Fermilab particle physicist Don Lincoln offers a good illustration: "The electromagnetic force between an electron and a proton in a hydrogen atom is 1039 times larger than the gravitational force between the same two particles. Perhaps a more intuitive example is the behavior of a magnet and a paperclip. A magnet will hold a paperclip against the Earth's gravity. Think about what that means. A little magnet, like the one that held your art to your parent's refrigerator when you were a kid, pulls the paperclip upwards, while the gravity of an entire planet pulls downward, and the magnet wins."
But maybe gravity isn't so weak. This is the possibility offered by string theory.
It's fairly obvious that gravity is a three-dimensional phenomenon because we see how its effects vary with respect to three-dimensional geometry (distance between points in three dimensions). But physicists have only observed its effects down to distances of around a millimeter, which leaves open the possibility that gravity might be acting in other dimensions but only at scales below 150 micrometers or so.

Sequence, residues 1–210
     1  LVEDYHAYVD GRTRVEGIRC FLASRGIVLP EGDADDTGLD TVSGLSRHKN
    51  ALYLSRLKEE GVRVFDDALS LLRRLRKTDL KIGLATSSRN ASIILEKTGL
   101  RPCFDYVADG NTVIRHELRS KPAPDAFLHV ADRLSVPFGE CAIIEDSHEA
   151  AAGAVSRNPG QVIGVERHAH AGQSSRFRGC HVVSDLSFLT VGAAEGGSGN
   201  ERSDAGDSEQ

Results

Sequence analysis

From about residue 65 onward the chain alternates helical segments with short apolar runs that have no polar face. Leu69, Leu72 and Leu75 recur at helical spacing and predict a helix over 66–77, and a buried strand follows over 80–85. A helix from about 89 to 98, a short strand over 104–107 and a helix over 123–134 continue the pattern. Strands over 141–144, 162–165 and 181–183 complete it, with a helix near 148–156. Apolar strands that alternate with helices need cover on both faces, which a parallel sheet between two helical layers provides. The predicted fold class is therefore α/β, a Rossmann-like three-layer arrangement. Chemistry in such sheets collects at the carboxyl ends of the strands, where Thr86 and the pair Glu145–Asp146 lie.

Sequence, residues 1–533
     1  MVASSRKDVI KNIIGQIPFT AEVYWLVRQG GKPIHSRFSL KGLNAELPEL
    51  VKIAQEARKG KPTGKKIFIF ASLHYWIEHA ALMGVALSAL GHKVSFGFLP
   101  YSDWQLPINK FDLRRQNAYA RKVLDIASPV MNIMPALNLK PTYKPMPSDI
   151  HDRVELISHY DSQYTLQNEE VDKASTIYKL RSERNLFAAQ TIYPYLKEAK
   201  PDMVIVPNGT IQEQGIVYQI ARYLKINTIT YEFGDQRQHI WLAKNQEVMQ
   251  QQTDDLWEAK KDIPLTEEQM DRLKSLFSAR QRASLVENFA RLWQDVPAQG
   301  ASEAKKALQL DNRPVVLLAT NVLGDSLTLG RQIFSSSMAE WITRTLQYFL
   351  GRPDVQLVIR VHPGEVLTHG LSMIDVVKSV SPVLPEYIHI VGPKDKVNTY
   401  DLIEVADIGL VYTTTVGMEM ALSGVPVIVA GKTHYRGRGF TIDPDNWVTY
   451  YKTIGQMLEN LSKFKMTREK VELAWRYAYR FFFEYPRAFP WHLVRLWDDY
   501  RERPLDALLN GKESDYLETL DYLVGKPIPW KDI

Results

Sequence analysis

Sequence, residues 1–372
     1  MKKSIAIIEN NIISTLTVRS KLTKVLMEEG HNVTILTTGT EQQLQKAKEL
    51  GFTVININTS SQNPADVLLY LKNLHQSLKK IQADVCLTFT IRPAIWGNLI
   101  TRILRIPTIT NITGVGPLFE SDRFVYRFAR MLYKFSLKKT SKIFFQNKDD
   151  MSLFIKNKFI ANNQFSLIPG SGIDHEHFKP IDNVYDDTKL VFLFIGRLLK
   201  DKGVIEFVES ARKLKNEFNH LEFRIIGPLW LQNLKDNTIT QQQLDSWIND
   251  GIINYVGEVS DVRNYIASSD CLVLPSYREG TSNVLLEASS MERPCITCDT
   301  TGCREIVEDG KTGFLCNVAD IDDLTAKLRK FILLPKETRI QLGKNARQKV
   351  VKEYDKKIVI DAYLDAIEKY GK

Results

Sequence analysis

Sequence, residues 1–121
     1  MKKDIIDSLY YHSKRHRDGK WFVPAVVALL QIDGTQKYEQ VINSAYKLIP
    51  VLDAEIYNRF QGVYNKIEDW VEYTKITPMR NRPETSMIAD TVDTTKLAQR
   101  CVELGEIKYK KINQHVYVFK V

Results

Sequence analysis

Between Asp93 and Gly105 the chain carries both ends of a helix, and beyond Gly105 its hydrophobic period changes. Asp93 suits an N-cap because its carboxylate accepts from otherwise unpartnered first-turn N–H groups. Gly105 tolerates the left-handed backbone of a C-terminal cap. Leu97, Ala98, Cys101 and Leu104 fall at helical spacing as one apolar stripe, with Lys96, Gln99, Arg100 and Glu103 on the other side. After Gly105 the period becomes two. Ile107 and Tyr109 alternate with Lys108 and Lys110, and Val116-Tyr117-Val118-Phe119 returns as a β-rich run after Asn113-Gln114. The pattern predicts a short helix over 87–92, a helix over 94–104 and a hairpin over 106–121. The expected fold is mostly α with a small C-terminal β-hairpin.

So, gravity might be acting in a whole bunch of these tiny extra dimensions in addition to our regular three. We don't have access to these other dimensions, so we experience a form of gravity that seems weak but is really just diluted across many dimensions.
Particle collision experiments like the LHC are actively hunting for signs of these bonus dimensions. Here is the explanation from CERN, the LHC's parent facility:
Einstein's general theory of relativity tells us that space can expand, contract, and bend. Now if one dimension were to contract to a size smaller than an atom, it would be hidden from our view. But if we could look on a small enough scale, that hidden dimension might become visible again. Imagine a person walking on a tightrope. She can only move backward and forward; but not left and right, nor up and down, so she only sees one dimension. Ants living on a much smaller scale could move around the cable, in what would appear like an extra dimension to the tightrope-walker.